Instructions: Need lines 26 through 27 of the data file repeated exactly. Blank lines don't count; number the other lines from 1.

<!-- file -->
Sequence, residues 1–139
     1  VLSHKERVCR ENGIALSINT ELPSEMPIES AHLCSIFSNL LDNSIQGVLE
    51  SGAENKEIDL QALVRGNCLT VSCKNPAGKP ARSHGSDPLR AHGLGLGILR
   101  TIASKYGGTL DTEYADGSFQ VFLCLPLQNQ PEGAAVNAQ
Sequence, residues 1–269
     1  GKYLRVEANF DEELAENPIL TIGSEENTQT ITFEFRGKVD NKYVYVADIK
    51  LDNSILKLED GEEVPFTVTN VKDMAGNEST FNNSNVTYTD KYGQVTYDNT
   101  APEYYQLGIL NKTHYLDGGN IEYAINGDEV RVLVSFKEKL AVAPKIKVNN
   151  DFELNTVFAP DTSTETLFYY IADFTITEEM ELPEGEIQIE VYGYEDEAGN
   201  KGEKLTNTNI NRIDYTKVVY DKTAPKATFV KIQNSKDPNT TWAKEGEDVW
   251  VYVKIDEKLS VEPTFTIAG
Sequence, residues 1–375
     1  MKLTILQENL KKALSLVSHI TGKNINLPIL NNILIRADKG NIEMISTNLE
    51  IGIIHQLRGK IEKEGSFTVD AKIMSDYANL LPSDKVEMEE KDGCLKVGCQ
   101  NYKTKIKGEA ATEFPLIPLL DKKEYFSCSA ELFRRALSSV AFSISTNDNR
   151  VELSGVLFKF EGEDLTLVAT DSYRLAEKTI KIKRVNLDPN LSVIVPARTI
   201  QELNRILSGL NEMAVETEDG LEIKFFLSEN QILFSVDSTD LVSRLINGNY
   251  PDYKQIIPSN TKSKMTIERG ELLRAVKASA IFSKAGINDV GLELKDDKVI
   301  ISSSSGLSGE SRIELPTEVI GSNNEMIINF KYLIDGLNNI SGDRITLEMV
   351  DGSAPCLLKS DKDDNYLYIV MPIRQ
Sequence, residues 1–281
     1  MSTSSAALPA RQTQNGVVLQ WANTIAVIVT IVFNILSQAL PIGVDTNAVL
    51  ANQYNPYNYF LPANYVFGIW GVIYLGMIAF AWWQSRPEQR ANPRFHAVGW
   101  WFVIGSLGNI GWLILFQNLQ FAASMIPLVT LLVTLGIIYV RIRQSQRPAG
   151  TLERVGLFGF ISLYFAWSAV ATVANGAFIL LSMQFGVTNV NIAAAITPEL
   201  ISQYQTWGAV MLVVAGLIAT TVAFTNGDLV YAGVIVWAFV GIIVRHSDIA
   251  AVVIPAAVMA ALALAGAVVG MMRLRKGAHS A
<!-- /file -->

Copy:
   201  ISQYQTWGAV MLVVAGLIAT TVAFTNGDLV YAGVIVWAFV GIIVRHSDIA
   251  AVVIPAAVMA ALALAGAVVG MMRLRKGAHS A